The question of increasing women's representation in the Middle East, particularly in Politics.
According to the BBC, only one in four men in the Middle East believe in women’s equality in politics. The Middle East is traditionally known for conservative views on the place of women and their place in a family or relationship. In recent years women’s representation in politics has been increasing rapidly, along with the western world, however there are still many Arab Council Member States in which women are largely underrepresented in government. Although Sharia Law plays a role in the limitations of women in politics, societal oppression and pressure from male colleagues and family members are two main reasons for the lack of women in Arab politics. This stigma of women not having a place in government is symbolic of a larger issue, the lack of power that women face in Middle Eastern culture overall, and by taking steps towards further representation of women in politics, women gain further power and equality. Below, the chairs have listed several prominent Member States and their standing on this issue.
Kingdom of Saudi Arabia Until 2012, women in Saudi Arabia were not even eligible to vote, let alone take part in parliament. The reasons for such were often that not enough women had photo ID, or that there were not enough women to administer women’s only polling stations. In 2015, King Abdullah granted women the right to stand in these elections, and almost immediately 20 female candidates won their positions in municipal elections. According the World Bank, today 20% of the country’s legislative branch, or the Shura Council, is made up of women. Saudi women have also recently won the right to drive, which is a historic victory for the nation, often thought to have political and religious undertones. However, Saudi still has room for improvement in terms of gender equality, as it places 134th out of 145 countries on the World Economic Forum’s Global Gender Gap Index.
Arab Republic of Egypt After the Arab Spring, women in Egypt seem to have an overall sense of empowerment and reauthorization of power in their community. Women are able to opening participate in political elections and parties, however religion plays a large role in Egyptian politics. However, a study done by the Telegraph in 2013 dubbed Egypt the “worst Arab country to be a women”. The biggest Islamic political parties in Egypt are the Salafi Nour Party, and the Muslim Brotherhood. Although the Nour Party is more lenient towards the role of women in government, both parties are restrictive and culturally traditional on the place of women in society, making it difficult for women to pursue political careers in Egypt. Both parties often deny women to party meeting and refuse to show photographs of women party members as they do men. Both parties also require women to wear either the hijab or the niqab, respectively. However, the Egyptian government as a whole has made steps towards political advancement for women. In 2016 a new Cabinet made up of entirely women in government has been created for furthering the opportunities for career, political, and intellectual advancement of women. Some also argue that since this cabinet is under the governmental umbrella of the Traditional Arts Association, that the Cabinet will have little effect and is mainly for show.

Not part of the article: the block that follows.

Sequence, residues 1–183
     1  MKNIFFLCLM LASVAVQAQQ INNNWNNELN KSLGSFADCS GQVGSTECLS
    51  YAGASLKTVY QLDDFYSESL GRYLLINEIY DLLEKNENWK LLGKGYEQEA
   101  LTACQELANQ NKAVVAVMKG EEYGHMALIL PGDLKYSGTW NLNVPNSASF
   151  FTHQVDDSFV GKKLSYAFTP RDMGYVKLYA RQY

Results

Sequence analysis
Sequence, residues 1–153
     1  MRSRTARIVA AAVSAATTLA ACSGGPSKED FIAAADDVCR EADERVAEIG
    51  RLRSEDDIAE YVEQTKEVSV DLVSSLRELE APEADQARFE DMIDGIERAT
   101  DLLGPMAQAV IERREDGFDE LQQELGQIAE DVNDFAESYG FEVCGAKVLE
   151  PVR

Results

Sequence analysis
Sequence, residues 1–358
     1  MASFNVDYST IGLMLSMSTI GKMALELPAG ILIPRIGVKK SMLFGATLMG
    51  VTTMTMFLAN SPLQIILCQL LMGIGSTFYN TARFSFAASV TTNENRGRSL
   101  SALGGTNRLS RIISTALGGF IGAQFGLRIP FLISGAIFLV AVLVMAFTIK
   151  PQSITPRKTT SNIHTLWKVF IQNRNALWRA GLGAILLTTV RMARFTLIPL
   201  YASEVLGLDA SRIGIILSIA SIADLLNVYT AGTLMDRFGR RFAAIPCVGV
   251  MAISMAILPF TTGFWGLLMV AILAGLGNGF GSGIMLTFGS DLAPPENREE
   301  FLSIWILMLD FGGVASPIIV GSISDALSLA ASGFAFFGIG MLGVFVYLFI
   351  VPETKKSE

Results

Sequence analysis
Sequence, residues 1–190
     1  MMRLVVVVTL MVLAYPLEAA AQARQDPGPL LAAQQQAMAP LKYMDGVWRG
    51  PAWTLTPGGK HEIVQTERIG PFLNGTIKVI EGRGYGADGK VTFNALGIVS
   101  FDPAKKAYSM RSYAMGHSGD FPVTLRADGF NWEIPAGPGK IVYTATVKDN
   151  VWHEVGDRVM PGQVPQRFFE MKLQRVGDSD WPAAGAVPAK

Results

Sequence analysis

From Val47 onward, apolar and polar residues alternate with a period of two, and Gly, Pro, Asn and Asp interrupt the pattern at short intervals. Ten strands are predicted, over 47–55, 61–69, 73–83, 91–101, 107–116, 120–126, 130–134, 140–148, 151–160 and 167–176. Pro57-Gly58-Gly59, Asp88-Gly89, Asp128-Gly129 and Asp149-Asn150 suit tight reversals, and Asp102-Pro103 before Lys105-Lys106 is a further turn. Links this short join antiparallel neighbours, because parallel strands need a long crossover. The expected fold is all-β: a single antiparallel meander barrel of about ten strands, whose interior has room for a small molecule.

United Arab Emirates In recent years, the United Arab Emirates has been a leading nation for the development of women in politics and women’s equality, challenging stereotypes of the Middle East. In the UAE constitution, women are granted equal rights, as well as equal access to jobs and healthcare. 77% of women in the UAE enroll in higher education after high school and 98% of women in the UAE are literate. The UAE was the first country in the region to enact legislation requiring there to be female board members in every company and government agency. There are also 8 female ministers in the government, the highest number in the region. However, in the UAE’s anti discrimination law, discrimination based on gender is not included. The government also issued a supreme court ruling allowing domestic violence if it does not leave a mark. Women in the UAE must also gain the consent of a male guardian to engage is basic activities such as driving and working.
The chairs have provided three examples of women’s rights in the Arab world, however they would encourage each delegate to conduct their own research and to be wary of using biased sources. Women’s rights vary greatly among each country in the Arab world based on location, and interpretation of the Qur’an. To assist the delegates in writing resolutions the chairs have provided the following guiding questions:
Are women in your country allowed to engage in basic activities such as voting, driving, and working? If not, why?
What steps have been taken by Member States outside the Arab world to encourage gender equality in politics?
What role does Sharia Law play in women’s equality? What is the importance of Sharia Law?
How can legislation granting women rights such as driving or voting lead to women’s empowerment in politics?
How to traditional values and societal norms affect government?
Why do some countries have wider representation of women in politics?
How does having women in politics filter down to affect regular women?
What cultural practices are stopping women from participating in politics?
Are there any women in the Arab World who can be used as role models for getting other women into politics?
Is gender equality something that we should be teaching children from a young age?
Is politics something that women should be involved in? Why?